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Saturday, November 14, 2015

Paris and Beyond

Instead of studying for my Pediatric recertification exam, which was supposed to fill this weekend (the prep I planned to do has its web site down, and they don't work on weekends, and yes that did result in some panic and stress so pray for Scott who is absorbing all that) we are joining the rest of America glued to CNN.  Last night we listened to an articulate reporter who happened to be in the epicenter describing crouching in the theatre as attackers proceeded execution-style, then running out while they reloaded, picking up a severely injured and bleeding young girl on the way and carrying her a couple hundred meters from the theatre then flagging a cab to take her to the hospital.  We listened to the British woman describe the glass-breaking mob-style assault on the Cambodian restaurant, holding the arm of a woman who presumably died of her wounds.  We listened to numbers, to speculation.  We watched the clips of the bombs sounding in the football match, and then the sirens wailing around the concert hall.  We tried to make sense of the multiple sites, the coordinated attacks, the suicide bomb belts.

And today, the count settles: 129 killed and 352 injured, "soft targets".  Soft, as in normal people going to enjoy music and dinner in a city that is synonymous with love, with culture, with history, with art.

Within hours, social media was flooded with images of the Eiffel Tower, with "pray for Paris", with French flags shading profile pictures.  Then a few started to ask, why the sudden interest when Beirut was bombed and Bagdad, and few Americans noticed?  We pray for Paris; what about Syria?

A valid question, and a push to broaden our horizons of concern to all of humanity.

But I understand the power of identification and connection, and the fact that Paris strikes more fear in the American observer than bombs in Kabul or gunfire in Garissa did.  For me, the 147 Kenyan students who were killed by terrorists while we gathered our East Africa teams nearby, represented a much more palpable threat.  That's because I know many Kenyan students, and the territory and faces are familiar.  My kids went to school in Kenya too.  It's close to home, in the same way that French people attending concerts or having a meal with their lover are familiar to most readers in this hemisphere.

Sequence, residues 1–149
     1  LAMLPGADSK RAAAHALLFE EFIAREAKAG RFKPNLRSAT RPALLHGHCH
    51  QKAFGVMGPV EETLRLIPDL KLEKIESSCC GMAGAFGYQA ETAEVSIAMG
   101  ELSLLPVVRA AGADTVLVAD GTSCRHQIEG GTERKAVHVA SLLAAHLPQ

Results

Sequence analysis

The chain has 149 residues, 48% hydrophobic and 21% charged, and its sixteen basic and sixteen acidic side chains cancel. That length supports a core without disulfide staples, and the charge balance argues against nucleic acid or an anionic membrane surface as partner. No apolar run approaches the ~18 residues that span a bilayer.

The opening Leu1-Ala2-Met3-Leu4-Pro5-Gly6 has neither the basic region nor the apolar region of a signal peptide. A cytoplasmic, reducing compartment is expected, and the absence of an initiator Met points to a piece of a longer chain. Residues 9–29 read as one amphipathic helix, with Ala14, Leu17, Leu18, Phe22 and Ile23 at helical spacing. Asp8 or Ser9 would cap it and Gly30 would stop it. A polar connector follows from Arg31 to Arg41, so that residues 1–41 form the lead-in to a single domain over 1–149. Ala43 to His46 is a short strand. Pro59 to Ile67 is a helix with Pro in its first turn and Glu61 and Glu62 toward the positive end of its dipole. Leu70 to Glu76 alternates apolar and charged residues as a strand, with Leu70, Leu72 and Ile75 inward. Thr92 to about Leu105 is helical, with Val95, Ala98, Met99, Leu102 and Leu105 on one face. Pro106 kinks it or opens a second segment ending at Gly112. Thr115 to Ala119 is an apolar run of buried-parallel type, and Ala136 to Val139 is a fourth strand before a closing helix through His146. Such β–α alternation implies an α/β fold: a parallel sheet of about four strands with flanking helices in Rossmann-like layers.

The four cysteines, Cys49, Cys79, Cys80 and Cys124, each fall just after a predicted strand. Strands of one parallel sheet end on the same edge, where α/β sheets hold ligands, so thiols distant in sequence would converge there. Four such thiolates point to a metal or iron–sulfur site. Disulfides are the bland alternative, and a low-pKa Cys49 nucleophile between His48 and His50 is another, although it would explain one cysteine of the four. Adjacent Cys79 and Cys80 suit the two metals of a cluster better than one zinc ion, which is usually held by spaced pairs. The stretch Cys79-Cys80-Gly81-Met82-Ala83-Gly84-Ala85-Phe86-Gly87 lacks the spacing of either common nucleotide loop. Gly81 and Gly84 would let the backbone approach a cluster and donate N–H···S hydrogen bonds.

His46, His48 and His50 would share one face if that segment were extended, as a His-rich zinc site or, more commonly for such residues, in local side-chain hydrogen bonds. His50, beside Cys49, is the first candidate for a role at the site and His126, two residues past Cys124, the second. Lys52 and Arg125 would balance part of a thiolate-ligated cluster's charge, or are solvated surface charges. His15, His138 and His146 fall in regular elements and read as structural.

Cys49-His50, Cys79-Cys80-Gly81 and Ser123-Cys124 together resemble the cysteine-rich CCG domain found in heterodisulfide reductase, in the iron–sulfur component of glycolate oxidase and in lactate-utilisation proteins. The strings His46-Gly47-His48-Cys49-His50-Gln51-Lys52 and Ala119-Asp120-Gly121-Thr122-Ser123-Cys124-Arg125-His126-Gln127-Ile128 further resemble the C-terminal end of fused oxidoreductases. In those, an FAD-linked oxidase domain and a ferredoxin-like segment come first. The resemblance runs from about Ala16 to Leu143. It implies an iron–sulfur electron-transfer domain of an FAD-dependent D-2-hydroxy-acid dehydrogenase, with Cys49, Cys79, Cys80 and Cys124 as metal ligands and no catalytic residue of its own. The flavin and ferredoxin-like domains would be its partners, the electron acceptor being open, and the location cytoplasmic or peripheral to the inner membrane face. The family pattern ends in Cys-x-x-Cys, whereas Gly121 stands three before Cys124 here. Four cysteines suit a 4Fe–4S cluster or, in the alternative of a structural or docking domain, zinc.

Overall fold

In fact, the one American student killed on her semester abroad stands out, particularly after discussing France as a semester-abroad option with one of my kids a couple weeks ago, and knowing my current semester-abroad child's return ticket goes through Paris.  In the same way, reading about the racial unrest at Yale, a commenter said with contempt about the vocal African-American women students who protested, "they probably are there on a full ride, and majoring in African studies; they won't be the elite once they leave Yale."  Hmm, that pretty much describes my Yale student.  When the hate hits closer home, we see things from the victim's perspective.

So, 24 hours later, let's let Paris grab our hearts and painfully push them to wrap around all the people ISIS has targeted, from theatre-goers to moderate-muslim goat-herders to encircled Christian minorities.

Let's also remember that ISIS is not synonymous with Islam.  Of the world's billion-and-a-half Muslims, the Islamic State only represents a small minority of them (tens of thousands, maybe a couple hundred thousand, but that is still less than a tenth of a percent (0.1%).  Most of ISIS's victims have been their fellow Muslims whom they regard as apostate.  When tweets began to blame Syrian refugees for the Paris attacks, I appreciated one that asked, don't your realize THIS IS WHAT THE SYRIAN REFUGEES ARE FLEEING?  There is a dark evil percolating, one that espouses beheadings and slavery, one that rejects borders and courts and elections.  We can stand against this madness without suspecting every person with a name that ends in "i" of being a terrorist.  I would imagine that there were faithful people who loved Jesus in the middle ages who did not want Christianity to be equated with the extermination of Jews or the bloodbath of crusades.

And let's think deep and hard about what would sap the power out of this state.  I'm not a political expert, but it seems that invading Iraq may have set us on this path.  A "we will show no mercy" response may play right into their hands.  Honestly I don't know, is this the time to reluctantly use greater force for the cause of justice, or to soberly tread slowly because our enemy is nebulous, and within?  I think we as Christians can pray for wisdom for ourselves and for our leaders, pray against vengeful pride, pray for sacrificial courage.  Pray for deliverance from the Evil One, for those in South Sudan and Burundi and Lebanon and Jordan and all over our world.  Because the only path that we know will bring true and lasting peace is one that changes hearts.

And lastly, as we have radios and TV's showing fear and lashing out in frustrated bravado, let's remember the kids in the room, and our own souls as well.  We can't promise anyone that what happened in Paris won't happen in Washington or Philadelphia or Durham or San Francisco.  There is only so much that any army can do to stop the first fifteen minutes of coordinated ready-to-die young men with guns.  But we can hold onto truth, that perfect love casts out fear, that nothing can separate us from the love of God, that in all things are in the process of redemption.  Our neighbors and our kids need to hear that.  That's the true safety, that no terrorist can take from us.  We are held by a Mercy that is stronger than death.


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